Yes, it’s safe to snorkel before going on an airplane. Since you’re not inhaling any compressed air there is no risk of decompression sickness.
This is not the case when you go scuba diving. In this article we explain exactly why that is, and why waiting at least 24 hours is necessary.
Surface Air Pressure
In daily life we breathe the air that surrounds us. At home, at work, anywhere really. Snorkeling is not different. We stay at the ocean surface and breathe the air above. This air is not different from the air on the beach. The same goes for swimming, visiting the beach bar, walking along the shore, you name it. Even though we use a snorkel, and even though we breathe through it’s tube, the air is still the same.
If you want to stay below the water for a longer period of time, you’ll need to take some air with you. This is the case when you go scuba diving. We need a whole lot of air, but it’s impossible to bring a gigantic balloon in order to survive underwater.
The atmospheric pressure of planet Earth is what we are used to. However, gasses can be compressed so they fit into smaller areas. When scuba diving, you bring a tank with you that contains compressed air. It allows you to stay underwater for a decent amount of time since there’s a lot of “squeezed” air in your tank.
Nitrogen makes up for 78.09% of air volume. It’s known as an inert gas, which means it doesn’t undergo chemical reactions. We need nitrogen for a lot of reasons, for instance to make amino acids.
When we go scuba diving we are surrounded by higher pressures. These pressures “push” the nitrogen into our tissues. When we slowly ascend back to the ocean surface (which we should and do according to the guidelines), the pressure will decline. The nitrogen will leave our bodies through our lungs.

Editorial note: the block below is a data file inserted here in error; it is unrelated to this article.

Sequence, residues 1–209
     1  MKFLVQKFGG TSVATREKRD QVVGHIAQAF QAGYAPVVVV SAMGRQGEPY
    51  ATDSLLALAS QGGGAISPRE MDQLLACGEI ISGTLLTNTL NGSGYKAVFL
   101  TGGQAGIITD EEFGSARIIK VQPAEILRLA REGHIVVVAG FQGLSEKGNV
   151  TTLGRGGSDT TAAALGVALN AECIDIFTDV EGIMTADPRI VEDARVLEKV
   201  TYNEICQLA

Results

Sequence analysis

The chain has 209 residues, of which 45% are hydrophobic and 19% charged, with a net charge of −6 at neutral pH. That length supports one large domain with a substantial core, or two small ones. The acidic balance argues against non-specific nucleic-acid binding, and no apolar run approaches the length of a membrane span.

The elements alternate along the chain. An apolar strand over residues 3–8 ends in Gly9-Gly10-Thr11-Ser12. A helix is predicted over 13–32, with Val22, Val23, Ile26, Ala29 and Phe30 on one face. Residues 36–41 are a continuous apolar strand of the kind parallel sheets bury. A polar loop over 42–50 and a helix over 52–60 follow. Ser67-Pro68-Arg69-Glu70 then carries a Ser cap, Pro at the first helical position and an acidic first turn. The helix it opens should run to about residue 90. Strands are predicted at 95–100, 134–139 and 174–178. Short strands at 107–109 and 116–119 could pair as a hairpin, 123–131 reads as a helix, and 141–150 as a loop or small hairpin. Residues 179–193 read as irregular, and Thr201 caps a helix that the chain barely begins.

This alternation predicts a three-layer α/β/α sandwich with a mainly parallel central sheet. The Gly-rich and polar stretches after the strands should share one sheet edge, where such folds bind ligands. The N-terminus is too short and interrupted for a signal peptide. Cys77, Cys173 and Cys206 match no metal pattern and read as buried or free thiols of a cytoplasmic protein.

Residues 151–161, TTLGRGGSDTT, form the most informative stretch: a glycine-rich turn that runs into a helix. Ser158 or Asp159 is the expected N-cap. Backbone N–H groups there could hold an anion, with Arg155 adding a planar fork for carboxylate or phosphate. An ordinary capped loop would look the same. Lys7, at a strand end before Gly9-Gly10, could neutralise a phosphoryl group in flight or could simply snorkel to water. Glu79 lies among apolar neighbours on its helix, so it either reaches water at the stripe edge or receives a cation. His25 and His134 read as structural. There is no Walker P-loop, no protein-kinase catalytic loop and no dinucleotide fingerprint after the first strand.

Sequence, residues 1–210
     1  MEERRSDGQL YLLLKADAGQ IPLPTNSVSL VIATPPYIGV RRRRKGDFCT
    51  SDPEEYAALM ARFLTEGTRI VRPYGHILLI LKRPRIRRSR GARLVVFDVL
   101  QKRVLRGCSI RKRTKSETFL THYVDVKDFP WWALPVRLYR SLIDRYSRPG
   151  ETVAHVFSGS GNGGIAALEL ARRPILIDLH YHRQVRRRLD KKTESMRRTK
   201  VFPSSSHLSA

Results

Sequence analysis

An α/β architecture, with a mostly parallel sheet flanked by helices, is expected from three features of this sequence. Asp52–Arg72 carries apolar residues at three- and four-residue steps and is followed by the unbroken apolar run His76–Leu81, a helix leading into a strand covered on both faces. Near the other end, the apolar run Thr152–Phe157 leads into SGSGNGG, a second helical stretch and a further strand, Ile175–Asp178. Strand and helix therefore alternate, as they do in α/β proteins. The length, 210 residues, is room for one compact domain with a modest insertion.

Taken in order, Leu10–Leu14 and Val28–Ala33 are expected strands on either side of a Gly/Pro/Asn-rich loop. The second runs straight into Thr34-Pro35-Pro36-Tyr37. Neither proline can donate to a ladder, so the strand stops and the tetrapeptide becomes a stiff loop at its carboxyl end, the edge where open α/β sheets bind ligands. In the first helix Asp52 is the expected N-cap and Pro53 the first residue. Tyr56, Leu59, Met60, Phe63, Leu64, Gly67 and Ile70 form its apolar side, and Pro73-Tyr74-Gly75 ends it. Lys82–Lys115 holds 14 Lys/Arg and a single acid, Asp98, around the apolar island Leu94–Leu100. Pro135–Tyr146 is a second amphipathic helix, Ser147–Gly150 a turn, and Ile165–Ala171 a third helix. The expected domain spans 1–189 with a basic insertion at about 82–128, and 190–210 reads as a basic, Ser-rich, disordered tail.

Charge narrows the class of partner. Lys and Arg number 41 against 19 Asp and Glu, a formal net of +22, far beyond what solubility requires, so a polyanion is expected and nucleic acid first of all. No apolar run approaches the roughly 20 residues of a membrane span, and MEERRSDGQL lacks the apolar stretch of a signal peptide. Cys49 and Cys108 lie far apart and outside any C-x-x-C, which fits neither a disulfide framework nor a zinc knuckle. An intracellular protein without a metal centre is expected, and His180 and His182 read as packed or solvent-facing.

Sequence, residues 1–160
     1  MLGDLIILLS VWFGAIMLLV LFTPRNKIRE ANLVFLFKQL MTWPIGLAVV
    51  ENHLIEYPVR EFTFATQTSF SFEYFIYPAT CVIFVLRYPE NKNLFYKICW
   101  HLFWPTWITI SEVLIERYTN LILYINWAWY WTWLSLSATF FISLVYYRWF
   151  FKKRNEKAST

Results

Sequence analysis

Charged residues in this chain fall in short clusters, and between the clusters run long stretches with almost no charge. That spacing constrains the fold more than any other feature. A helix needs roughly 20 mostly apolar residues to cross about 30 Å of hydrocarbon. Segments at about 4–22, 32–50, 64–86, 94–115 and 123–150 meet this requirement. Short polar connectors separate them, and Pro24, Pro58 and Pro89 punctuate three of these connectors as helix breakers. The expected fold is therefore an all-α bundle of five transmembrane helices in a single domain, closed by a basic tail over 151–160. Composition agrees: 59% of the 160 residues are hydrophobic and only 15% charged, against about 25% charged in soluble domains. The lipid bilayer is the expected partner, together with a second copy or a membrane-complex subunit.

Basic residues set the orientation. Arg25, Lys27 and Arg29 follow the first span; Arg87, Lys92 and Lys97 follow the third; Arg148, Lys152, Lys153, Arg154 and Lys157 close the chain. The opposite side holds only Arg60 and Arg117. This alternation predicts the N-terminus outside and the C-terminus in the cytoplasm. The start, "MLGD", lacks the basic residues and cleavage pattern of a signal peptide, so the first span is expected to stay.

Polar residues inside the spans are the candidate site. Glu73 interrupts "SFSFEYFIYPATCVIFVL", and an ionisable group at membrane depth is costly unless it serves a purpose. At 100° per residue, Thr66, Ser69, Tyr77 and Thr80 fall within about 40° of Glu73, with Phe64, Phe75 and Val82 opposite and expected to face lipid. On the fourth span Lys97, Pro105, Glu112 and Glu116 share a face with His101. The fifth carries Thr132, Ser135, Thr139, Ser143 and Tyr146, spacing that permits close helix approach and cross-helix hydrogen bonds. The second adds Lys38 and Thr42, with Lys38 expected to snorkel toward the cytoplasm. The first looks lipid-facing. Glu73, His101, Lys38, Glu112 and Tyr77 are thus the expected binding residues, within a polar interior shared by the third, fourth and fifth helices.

Ascending too fast however is where it get’s dangerous. In that case, nitrogen will form bubbles. These bubbles can damage our tissues and nerves. If the bubbles make it to your brain the effects could be much worse, like paralysis or even death.
Once you board an airplane you’ll be traveling somewhere around 6-7 miles in altitude. The atmospheric pressure decreases the higher you go, in other words, air pressure goes down. The cabin of an airplane is pressurized accordingly. This pressure is lower than the air pressure at sea level.
Usually the pressure in the cabin is equivalent to air pressures at 6000-8000 feet in altitude. This means that remaining nitrogen has another chance to bubble. Just like returning to the ocean surface after scuba diving, going on an airplane involves pretty much the same mechanism.
So When Can You Fly?
If you understand the things we just mentioned, you should know why not to board an airplane after scuba diving. So when is it safe to do so?
The Divers Alert Network, also known as DAN, suggest to at least wait 12 hours after a single dive. If you enjoyed multiple dives on the same day, you should wait at least 18 hours. In case you had to make decompression stops, whether it was a single dive or not, it’s advised to wait even longer than 18 hours. The U.S. Air Force tells people to at least wait 24 hours.
Can You Snorkel After Flying?
Yes, you can snorkel after flying, just like you can go swimming. The air you breathe when snorkeling is at atmospheric pressure. It doesn’t matter if you wear a regular mask with a separate snorkel or one of the trending full face snorkel masks.
It is safe to go on an airplane after snorkeling. It is also safe to snorkel after flying. You breathe air at the atmospheric pressure, just like you do when swimming or taking a walk.
If you go scuba diving you should at least wait 24 hours before flying. People have different opinions about the exact duration, so make sure you do your own research.